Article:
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Increased Monitoring of Abuse Naïve and Flawed

28 February 2012 Embargoed Until Tuesday 28 February

Increased Monitoring of Abuse Naïve and Flawed

Family First NZ has submitted their response to the Green Paper on Vulnerable Children. They are rejecting the proposals of increased monitoring of families in order to ‘catch’ child abusers, and are calling for a Royal Commission of Inquiry into child abuse rather than a piece-meal responses from the government of the day.

“The research has already been done on the risk factors for a child. The issue is whether we are willing to accept them, and then tackle them,” says Bob McCoskrie, National Director of Family First NZ. “It is also essential that we remove ‘political posturing’ and ‘point-scoring’ from the process. The response of various political parties to the Green Paper and the failure to have a cross-party approach on such an important issue speaks for itself. The issue of child abuse needs to be removed from politicians and overseen by a Royal Commission of Inquiry.”

“We also need an independent CYF Complaints Authority. Children are also vulnerable when they or their parents experience unjustified intrusion into the family and unwarranted separation. CYF are able to intervene in families without having to prove concrete evidence of abuse. This power must be suitably monitored, for the sake of our children, and to ensure that children do not suffer ‘state-sanctioned’ child abuse.”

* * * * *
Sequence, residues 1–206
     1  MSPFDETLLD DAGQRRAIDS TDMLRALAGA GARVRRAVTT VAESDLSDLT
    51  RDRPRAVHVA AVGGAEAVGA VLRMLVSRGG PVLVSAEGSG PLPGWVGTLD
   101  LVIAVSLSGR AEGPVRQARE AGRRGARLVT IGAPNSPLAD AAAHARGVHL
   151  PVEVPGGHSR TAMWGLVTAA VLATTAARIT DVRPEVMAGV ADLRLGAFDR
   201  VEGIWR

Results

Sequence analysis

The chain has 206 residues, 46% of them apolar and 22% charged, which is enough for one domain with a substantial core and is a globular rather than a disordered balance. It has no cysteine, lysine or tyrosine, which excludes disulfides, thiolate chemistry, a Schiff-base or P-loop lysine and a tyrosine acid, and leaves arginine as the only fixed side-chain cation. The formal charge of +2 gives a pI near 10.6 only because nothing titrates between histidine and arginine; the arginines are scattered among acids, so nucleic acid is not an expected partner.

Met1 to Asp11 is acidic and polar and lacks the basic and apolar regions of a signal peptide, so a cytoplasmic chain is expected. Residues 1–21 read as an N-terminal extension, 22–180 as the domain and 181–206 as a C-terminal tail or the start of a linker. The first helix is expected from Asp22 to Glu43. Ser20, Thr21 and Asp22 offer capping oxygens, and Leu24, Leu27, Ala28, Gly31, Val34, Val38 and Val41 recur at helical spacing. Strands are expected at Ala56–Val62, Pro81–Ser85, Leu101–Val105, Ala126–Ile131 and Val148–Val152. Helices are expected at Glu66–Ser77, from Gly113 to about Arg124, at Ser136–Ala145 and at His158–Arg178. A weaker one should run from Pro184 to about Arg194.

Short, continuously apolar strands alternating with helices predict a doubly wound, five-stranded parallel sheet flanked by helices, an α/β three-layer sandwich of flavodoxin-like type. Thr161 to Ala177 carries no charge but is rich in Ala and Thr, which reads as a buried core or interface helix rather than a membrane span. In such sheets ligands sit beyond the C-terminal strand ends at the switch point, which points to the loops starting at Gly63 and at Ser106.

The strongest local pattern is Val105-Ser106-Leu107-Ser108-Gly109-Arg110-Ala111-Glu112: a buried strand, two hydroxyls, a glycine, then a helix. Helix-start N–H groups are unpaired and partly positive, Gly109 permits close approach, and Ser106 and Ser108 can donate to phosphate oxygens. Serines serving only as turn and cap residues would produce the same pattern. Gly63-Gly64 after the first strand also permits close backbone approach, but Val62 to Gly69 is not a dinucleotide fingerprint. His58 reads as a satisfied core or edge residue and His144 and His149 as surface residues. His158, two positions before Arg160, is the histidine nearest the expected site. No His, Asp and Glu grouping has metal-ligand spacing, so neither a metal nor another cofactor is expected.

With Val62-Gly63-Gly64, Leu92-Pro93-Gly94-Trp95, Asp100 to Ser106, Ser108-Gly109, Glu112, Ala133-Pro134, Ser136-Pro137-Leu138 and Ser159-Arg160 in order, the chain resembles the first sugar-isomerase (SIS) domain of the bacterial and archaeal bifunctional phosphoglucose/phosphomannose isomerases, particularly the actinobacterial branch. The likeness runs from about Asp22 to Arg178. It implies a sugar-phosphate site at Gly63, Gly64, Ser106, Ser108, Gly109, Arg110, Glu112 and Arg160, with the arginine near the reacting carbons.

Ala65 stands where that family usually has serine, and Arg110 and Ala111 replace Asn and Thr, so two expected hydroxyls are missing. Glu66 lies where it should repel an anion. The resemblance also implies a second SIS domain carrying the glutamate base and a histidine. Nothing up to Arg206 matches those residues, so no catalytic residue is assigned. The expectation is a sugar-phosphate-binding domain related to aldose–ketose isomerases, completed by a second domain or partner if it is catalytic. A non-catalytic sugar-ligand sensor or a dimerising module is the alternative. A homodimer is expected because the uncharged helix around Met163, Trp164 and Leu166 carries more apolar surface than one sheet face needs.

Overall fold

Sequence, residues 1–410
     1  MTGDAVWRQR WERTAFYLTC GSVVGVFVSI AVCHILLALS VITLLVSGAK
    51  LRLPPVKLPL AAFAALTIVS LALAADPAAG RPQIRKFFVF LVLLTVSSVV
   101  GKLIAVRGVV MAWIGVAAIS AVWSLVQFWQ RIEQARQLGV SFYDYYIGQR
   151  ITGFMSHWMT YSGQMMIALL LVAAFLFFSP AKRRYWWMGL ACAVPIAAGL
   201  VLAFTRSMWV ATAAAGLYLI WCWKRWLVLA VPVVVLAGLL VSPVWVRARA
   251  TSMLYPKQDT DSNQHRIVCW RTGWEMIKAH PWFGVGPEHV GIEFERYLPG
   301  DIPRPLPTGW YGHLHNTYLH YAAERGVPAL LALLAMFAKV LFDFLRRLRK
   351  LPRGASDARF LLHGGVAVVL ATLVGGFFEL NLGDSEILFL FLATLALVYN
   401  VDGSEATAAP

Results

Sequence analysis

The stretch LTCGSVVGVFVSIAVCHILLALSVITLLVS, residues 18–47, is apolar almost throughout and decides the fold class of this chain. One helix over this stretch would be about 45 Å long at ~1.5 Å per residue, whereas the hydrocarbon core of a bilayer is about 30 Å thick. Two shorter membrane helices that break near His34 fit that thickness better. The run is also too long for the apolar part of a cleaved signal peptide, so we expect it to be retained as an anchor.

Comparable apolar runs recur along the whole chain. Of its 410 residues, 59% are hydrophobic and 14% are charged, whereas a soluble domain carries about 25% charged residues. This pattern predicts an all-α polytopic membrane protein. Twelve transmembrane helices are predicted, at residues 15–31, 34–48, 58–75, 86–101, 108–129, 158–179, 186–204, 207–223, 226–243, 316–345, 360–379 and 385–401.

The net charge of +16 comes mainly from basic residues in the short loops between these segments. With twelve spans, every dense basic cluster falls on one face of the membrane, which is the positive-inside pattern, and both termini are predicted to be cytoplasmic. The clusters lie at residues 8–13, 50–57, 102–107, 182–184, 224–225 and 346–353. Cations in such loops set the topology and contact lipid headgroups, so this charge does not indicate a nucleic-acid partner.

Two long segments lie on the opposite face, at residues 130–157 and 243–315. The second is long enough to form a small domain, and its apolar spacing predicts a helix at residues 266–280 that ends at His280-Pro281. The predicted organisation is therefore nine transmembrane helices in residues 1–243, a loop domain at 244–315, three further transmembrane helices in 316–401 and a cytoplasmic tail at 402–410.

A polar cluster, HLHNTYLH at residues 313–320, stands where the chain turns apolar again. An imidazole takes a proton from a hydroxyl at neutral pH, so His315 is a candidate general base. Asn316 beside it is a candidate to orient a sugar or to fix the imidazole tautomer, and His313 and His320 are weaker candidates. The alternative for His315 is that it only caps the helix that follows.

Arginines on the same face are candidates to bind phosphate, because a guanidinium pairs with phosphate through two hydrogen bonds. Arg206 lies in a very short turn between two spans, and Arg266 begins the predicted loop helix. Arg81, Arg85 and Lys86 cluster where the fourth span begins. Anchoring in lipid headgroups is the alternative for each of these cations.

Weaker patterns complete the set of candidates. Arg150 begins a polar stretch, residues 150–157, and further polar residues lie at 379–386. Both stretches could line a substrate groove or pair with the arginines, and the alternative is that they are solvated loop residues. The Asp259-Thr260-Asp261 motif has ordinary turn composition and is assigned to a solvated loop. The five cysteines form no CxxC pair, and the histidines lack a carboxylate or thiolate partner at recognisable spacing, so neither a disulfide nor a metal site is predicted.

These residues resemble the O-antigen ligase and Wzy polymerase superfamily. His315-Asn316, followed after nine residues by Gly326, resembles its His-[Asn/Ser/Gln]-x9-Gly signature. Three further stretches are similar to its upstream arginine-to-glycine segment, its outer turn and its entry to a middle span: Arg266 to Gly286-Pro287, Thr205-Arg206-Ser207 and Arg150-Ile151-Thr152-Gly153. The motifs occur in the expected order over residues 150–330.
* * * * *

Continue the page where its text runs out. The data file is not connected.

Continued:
Family First is also rejecting calls for the monitoring of all children in an attempt to catch child abuse.

“Our submission quotes senior social workers who correctly say that widening the safety-net as a ‘silver bullet’ is a naïve response that has the potential to destabilise families and create an overburdened system that fails to respond appropriately to at-risk families,” says Mr McCoskrie. “All the evidence shows this is already happening.”

Family First’s submission calls on politicians to amend the anti-smacking law.

“We are distracting our frontline services from targeting and monitoring at-risk children and rotten parents, which is where the real focus should be. Notifications to CYF are going through the roof, and the police are wasting time investigating cases where more than nine out of 10 don’t even warrant prosecution. The political obsession with banning smacking – while well intentioned - has cost New Zealand the time and resources needed to target actual child abuse. It has done more harm than good.”

Other recommendations include promoting a ‘marriage culture’ as a structure which provides the safest environment for children as evidenced by family violence statistics, and accepting the recommendations of the Law Commission regarding alcohol law reform - recognising that alcohol is a significant contributory factor to child maltreatment

Family First’s submission makes seven recommendations:
1. Establish a non-political Royal Commission of Inquiry into Child Abuse, Family Breakdown and Family Violence
2. Adopt all the recommendations of the Law Commission report on Alcohol
3. Promote Marriage
4. Amend the anti-smacking law
5. Appoint an independent CYF Complaints Authority
6. Better information sharing between agencies involved with at-risk families
7. Improve antenatal care – especially for young parents

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